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Neurosci Res. 1991 Apr;10(3):211-21.

Increased blood-brain barrier permeability following acute short-term swimming exercise in conscious normotensive young rats.

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Institute of Neuropathology, Free University Berlin, F.R.G.


The status of the blood-brain barrier (BBB) was examined following short-term forced swimming (FS) exercise in younger rats (age 8-9 wks, 80-90 g). Subjection of animals to continuous FS for 30 min duration increased the permeability of the BBB to Evans blue albumin (EBA) and 131I-sodium in 5 and 8 brain regions, respectively. Extravasation of the tracers was markedly pronounced in the cerebellum followed by the cerebral cortex. EBA staining was confined mainly to the posterior cingulate cortex, parietal and occipital cortices, whole cerebellar vermis and the mediolateral cerebellar cortices as well as the dorsal surface of the hippocampus. In addition to the above brain regions. BBB permeability to 131I-sodium extended to the caudate nucleus, thalamus and hypothalamus. At this time period, the serotonin (5-hydroxytryptamine, 5-HT) content showed a profound increase in plasma and brain of about 150% and 250% respectively from the control value. Pretreatment with p-CPA (p-chlorophenylalanine, a serotonin synthesis inhibitor) prevented both the increased permeability of the BBB and the rise in plasma and brain 5-HT level. However, prior treatment with cyproheptadine (a 5-HT2 receptor antagonist) prevented the increased permeability alone. The 5-HT level continued to remain high. These results suggest that short-term FS increases BBB permeability in specific brain regions. This increased permeability appears to be mediated through serotonin via 5-HT2 receptors.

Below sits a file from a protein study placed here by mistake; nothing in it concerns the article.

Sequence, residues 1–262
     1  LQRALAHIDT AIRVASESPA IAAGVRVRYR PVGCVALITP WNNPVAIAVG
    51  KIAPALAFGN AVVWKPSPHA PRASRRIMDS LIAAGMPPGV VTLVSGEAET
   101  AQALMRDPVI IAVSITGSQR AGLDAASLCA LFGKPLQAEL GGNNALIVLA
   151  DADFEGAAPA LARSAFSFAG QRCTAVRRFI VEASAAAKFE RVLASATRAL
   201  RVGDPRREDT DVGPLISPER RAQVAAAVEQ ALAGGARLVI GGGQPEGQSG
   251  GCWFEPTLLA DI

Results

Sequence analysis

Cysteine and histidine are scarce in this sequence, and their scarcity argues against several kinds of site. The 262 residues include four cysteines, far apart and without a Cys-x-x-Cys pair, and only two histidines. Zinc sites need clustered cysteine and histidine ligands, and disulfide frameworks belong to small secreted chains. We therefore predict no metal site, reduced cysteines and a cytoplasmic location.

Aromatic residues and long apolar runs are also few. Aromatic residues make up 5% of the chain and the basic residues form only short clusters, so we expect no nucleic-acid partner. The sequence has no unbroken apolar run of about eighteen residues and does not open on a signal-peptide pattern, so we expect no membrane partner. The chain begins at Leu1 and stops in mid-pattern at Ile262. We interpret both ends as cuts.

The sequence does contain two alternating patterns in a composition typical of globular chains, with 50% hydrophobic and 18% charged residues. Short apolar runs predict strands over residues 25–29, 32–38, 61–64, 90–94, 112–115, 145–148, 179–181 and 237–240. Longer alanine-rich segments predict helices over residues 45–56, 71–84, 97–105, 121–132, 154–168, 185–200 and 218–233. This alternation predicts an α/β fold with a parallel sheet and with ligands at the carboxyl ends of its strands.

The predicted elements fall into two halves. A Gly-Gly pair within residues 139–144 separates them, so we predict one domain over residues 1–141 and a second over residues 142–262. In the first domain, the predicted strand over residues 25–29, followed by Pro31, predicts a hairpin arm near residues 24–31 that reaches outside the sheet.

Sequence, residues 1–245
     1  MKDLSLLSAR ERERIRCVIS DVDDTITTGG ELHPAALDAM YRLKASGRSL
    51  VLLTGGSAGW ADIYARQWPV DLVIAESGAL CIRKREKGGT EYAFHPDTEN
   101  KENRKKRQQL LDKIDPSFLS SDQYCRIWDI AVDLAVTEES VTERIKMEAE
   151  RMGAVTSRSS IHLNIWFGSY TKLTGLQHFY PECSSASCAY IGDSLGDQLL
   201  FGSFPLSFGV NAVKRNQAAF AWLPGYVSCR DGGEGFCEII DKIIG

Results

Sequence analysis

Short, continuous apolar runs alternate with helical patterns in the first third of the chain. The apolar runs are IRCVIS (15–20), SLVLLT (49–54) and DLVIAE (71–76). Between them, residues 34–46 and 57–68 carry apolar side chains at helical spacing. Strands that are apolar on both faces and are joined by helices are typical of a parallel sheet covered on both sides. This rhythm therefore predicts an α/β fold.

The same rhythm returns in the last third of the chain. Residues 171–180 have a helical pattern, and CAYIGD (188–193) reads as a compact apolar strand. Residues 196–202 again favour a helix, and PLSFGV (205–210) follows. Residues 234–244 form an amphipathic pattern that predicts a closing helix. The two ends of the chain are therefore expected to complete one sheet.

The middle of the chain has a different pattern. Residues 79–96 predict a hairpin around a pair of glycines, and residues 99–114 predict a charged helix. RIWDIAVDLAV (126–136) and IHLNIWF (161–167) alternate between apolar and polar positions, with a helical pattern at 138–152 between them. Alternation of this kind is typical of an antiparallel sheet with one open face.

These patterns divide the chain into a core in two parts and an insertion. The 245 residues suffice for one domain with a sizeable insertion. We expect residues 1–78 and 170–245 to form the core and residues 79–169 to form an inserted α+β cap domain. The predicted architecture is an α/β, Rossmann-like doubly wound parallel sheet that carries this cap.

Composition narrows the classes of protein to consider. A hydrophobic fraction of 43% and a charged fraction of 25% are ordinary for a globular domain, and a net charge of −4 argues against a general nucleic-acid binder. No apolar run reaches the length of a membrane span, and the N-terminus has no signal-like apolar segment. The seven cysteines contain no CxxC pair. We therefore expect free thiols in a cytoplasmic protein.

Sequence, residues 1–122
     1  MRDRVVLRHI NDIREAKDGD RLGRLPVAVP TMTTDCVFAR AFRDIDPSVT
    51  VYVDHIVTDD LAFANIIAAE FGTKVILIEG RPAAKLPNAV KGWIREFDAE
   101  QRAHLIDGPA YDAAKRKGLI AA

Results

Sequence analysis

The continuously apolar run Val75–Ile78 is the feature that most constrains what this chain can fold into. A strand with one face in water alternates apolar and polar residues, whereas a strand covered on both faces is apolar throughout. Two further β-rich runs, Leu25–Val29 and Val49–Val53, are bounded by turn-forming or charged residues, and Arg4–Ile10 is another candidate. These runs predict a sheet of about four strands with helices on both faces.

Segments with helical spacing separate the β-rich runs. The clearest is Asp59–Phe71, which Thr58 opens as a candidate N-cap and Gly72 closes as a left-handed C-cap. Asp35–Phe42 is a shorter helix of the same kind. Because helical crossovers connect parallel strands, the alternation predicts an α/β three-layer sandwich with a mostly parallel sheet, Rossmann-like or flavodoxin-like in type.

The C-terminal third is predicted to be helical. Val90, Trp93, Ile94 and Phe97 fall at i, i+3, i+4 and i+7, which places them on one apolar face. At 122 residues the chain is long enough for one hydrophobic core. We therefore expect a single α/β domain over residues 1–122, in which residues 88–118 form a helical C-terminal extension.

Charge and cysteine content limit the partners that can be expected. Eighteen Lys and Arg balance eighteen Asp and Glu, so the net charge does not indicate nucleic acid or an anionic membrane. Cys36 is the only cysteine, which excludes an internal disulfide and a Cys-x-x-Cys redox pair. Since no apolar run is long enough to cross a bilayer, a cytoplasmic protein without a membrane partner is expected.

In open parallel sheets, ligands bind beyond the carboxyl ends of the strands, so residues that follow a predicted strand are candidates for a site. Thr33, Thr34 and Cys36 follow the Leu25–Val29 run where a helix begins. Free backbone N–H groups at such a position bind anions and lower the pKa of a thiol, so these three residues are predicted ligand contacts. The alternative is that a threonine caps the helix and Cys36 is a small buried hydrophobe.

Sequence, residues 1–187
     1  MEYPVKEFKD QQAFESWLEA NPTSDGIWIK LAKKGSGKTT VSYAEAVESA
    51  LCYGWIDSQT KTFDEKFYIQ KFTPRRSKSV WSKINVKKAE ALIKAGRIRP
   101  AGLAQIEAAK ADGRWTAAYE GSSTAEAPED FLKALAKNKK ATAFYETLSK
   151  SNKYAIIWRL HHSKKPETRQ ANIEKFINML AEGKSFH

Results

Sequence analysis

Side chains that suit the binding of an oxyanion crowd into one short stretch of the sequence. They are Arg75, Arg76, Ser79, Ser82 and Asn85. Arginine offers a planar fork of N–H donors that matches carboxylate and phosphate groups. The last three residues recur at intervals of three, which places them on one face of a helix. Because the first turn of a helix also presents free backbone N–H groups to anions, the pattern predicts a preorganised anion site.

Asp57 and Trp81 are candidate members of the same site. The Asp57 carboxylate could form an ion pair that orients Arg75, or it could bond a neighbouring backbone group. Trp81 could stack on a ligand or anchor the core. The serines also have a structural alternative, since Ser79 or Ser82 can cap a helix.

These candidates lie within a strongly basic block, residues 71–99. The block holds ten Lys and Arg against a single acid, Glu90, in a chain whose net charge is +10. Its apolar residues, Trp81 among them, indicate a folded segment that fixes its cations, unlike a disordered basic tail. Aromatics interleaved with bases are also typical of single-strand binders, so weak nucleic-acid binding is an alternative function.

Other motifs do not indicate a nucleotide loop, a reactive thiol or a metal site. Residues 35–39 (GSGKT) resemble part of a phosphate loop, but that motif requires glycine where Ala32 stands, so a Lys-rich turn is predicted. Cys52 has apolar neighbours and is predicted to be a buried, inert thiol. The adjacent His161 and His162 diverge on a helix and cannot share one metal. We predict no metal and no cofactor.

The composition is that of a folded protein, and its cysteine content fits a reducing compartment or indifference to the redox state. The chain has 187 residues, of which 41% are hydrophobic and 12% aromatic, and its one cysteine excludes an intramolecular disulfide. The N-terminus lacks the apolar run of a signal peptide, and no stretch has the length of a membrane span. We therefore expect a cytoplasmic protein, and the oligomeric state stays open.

[Indexed for MEDLINE]

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